Peter Drucker has been called the inventor of modern management. His formative book, The Effective Executive: The Definitive Guide to Getting the Right Things Done, was first published in 1966. While the language is noticeably dated (the book only refers to executives as men), it’s surprising how relevant the ideas presented still are today.
Here are five traits the book identifies in effective executives that I think could apply to just about any college-bound high school student.
1. They value their own time.
Effective executives understand that time is their most precious resource. And as much as possible, they want to make conscious, informed decisions about how they spend it. The forthcoming lessons discuss more about how they do this, but Drucker raises this point early on to make the case that effectiveness can be learned, and must be intentional. Effective executives don’t just show up for work and hope to have something to show for it by the end of the day.
Related to valuing their time, I also loved what Drucker had to say about meetings.
“Meetings are by definition a concession to deficient organization. For one either meets or one works. One cannot do both at the same time…An organization in which everybody meets all the time is an organization in which no one gets anything done.”
2. They constantly ask, “What can I contribute?”
In every situation, task, or crisis, effective executives want to make important contributions. The more they contribute, the more valuable and effective they are. To make the most of their time, they only want to do something if they can bring real value to it. And they measure that value by the quality and quantity of their contributions.
3. They focus on strengths, not weaknesses.
Effective executives want to maximize strengths—both their own and those of their coworkers. They understand that spending time trying to improve a weakness rarely yields as much benefit as putting a top strength to work on a well-matched opportunity.
They also understand that even the best executives and employees have weaknesses.
“The idea that there are ‘well-rounded’ people, people who have only strengths and no weaknesses…is a prescription for mediocrity if not for incompetence. Strong people always have strong weaknesses too. Where there are peaks, there are valleys. And no one is strong in many areas.”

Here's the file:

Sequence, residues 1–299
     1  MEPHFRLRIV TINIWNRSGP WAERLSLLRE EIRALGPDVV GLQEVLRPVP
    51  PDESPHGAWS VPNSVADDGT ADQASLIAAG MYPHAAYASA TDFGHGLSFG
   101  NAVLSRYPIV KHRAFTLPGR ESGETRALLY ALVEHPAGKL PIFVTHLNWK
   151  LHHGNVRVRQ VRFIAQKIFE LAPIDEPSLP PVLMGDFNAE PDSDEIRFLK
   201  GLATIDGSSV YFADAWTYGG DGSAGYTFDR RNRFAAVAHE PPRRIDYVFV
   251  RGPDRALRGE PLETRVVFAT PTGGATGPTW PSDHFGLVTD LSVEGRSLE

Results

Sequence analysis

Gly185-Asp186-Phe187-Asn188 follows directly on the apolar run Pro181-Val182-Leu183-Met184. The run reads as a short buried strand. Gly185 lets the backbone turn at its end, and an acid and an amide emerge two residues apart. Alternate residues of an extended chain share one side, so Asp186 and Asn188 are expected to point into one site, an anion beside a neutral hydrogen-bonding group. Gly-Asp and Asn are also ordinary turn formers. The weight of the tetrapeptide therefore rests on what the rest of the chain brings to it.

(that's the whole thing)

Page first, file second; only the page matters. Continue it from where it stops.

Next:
4. They direct their time to areas where superior performance will produce outstanding results.
Effective executives don’t just want to get things done; they want to get the right things done. They consciously choose to spend time doing things that will yield the best, most important results. And those results are a lot more important to them than just being “busy.”
5. They understand the importance of having uninterrupted, focused time.
A scattered, multi-tasking executive is not an effective executive. Important work deserves focused time without interruption. As Drucker describes it,
“To be effective, every knowledge worker, and especially every executive, therefore needs to be able to dispose of time in fairly large chunks…To have small dribs and drabs of time at his disposal will not be sufficient even if the total is an impressive number of hours…To write a report may, for instance, require six or eight hours, at least for the first draft. It is pointless to give seven hours to the task by spending fifteen minutes twice a day for three weeks. All one has at the end is blank paper with some doodles on it.”
A high school student may not be a business titan. But you make decisions every day about what to do and how to do it. If you can be effective when you make those choices, you are also far more likely to be successful.